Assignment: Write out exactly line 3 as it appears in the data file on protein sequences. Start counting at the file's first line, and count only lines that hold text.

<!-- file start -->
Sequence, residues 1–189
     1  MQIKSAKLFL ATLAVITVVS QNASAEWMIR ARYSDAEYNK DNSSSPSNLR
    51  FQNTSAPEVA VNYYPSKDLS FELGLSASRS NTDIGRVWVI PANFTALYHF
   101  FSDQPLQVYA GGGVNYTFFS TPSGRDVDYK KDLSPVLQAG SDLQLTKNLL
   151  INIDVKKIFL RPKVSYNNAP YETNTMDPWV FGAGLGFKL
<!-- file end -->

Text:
    51  FQNTSAPEVA VNYYPSKDLS FELGLSASRS NTDIGRVWVI PANFTALYHF